• Will Truman in reply to Dave says:

                It’s honestly a lot easier to get precisely what you want ordering from a kiosk than a person.

                I’m a lot more particular at Sheetz (which is like Wawa) than I am at a fast food place.Report

              • Dave in reply to Will Truman says:


                I prefer using the kiosk at the deli counter, and only order from people if I’m the only person there. It’s not that the people don’t know what they’re doing but having something in writing or on screen that they can reference and double check significantly reduces the margin for error, something I like since I don’t like spending a lot of time in a grocery store let alone a high traffic part of one.Report

              • Kazzy in reply to Dave says:

                I like the kiosks unless I have a hyper specific order like Mayo’s cheese. He likes it cut very thick… thicker than their “Thick Cut” option but not quite their “Slab” option. So I usually have to tell the person what number to dial the machine into. But, otherwise, yea, I like machines.

                Semi-related, Domino’s recently added Voice Ordering to their phone app. SERIOUSLY!?!?! JUST FUCKING CALL THE STORE IF YOU ARE GOING TO TALK INTO YOUR PHONE TO REQUEST FOOD!!!Report

            • greginak in reply to Jaybird says:

              If they wanted to automate they will do it no matter what. As the piece noted, and i’ve seen other places, people buy more from automated kiosks than people. That is the direction those kind of jobs are going. You can bet they will be putting those same kiosks into freedom loving states with lower minimum wages.Report

              • LWA in reply to greginak says:

                It also proves what lie the old “If you work for less, there will be more jobs!” stuff is.

                Given that your real “competitive wage” = $0.00/hr.Report

              • Kazzy in reply to greginak says:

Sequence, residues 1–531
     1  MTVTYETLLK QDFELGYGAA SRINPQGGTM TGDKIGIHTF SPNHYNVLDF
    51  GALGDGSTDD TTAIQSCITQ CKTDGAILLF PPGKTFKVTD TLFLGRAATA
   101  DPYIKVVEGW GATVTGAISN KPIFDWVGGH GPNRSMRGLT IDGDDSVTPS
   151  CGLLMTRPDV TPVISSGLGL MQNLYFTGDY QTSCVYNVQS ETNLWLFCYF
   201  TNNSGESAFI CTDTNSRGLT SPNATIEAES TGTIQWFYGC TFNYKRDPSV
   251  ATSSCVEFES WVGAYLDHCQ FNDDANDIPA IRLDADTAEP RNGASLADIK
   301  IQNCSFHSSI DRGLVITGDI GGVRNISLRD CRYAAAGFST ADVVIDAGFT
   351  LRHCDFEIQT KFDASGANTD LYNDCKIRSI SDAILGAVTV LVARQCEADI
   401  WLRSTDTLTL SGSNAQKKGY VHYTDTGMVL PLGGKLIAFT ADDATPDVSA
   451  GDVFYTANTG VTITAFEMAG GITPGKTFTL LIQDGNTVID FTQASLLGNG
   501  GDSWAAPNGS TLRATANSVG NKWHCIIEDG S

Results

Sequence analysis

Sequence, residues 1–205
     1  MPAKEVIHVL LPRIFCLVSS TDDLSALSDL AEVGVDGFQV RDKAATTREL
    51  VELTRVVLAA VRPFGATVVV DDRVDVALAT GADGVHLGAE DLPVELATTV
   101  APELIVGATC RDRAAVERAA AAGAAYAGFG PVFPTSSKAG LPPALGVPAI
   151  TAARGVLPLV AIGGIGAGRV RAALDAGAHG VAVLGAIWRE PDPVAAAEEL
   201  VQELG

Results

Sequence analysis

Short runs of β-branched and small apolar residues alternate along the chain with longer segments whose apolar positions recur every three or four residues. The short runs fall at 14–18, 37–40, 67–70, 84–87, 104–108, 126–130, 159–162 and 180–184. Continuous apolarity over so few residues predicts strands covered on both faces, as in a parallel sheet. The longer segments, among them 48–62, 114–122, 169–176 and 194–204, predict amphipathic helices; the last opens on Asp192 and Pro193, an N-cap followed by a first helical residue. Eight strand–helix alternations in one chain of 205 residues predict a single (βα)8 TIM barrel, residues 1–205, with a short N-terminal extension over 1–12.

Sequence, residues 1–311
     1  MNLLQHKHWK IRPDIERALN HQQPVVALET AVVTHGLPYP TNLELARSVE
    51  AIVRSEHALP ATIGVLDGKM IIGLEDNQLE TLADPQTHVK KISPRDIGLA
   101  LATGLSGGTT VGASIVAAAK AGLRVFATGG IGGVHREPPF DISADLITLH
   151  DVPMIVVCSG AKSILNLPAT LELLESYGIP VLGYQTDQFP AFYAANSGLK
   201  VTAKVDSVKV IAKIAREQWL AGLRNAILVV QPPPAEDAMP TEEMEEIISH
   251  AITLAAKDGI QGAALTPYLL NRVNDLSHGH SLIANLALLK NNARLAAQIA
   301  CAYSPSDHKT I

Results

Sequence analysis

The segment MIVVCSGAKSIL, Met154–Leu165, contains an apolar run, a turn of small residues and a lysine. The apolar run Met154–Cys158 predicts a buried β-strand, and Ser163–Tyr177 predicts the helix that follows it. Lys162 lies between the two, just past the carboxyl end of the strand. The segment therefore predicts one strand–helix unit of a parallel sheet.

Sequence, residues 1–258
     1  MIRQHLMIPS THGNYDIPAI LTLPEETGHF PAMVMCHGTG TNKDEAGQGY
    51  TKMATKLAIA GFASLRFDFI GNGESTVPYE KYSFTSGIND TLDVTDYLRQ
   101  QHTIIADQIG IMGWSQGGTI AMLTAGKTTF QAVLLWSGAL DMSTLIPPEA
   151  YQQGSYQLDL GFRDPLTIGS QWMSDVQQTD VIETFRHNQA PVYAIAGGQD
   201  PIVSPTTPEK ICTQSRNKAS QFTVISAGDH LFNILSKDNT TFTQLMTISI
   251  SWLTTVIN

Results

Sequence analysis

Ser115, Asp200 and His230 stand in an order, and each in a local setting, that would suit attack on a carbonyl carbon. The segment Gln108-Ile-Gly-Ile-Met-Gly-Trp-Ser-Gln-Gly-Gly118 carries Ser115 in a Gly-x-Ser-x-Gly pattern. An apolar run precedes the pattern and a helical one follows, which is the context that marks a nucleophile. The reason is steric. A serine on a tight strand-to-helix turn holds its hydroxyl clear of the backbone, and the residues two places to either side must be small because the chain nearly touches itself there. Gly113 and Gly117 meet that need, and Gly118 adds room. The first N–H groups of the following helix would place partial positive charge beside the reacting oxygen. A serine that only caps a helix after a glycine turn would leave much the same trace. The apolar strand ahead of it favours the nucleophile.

Semi-related… I visited the American Museum of Natural History, which has a “suggested donation” in lieu of an admissions fee. You can order at the kiosk but then you are required to pay the full “suggestion donation”. The machine actually tells you that if you want to pay less, you have to go speak to a human. I doubt this is a software issue: it seems very easy to have a, “How much would you like to donate today?” screen. Rather, I think they know people will have a harder time paying less when faced with a human than with a machine who won’t judge them.

                The answer? Machines that judge.Report

              • greginak in reply to Kazzy says:

                I’m sure you’re right….darn east coast snooty machines looking down on all the nice ordinary real americans who come to visit.Report

              • Kazzy in reply to greginak says:

                “Here’s your ticket. Enjoy the museum… fatass!”
                “What’d that machine say?”
                “Hey… we just upgraded him to be less ‘East coast snooty’. He didn’t comment on your socks-and-sandals combo or the stains on your shirt that could only have come from the Olive Garden in Times Square, now did he?”
                “That was part of the initial programming?!?!’
                “Yes… fatass.”Report

              • LeeEsq in reply to Kazzy says:

                When my parents were kids and young adults, the museums in New York had no admission prices or suggested donations because enough people thought they were public goods that should be supported by taxes. They should be.Report

              • Kazzy in reply to LeeEsq says:


                Can we do that for sporting events, too? I’d love those to be considering public goods. And I’d venture to guess more people agree with me than with you.Report

              • LWA in reply to LeeEsq says:

                Griffith Park in LA was given to the city with stipulation that no admission ever be charged.

                Jonas Salk refused to patent his vaccine.

                And copyrights used to be brief, temporary things.

                Culture, and our understanding of the proper role of the individual within it is highly malleable.


                Given that Scott Walker gave 250 million dollars to millionaires to build a stadium, why would it be unreasonable to suggest a municipal owned team which never charged admission?

                It’s entirely doable, save for the fact we consider it unimaginable.Report

              • Kazzy in reply to LWA says:


                In all seriousness, I don’t think any public funds should go towards private or even quasi-private stadiums. And I think I saw a headline about a federal bill doing just that.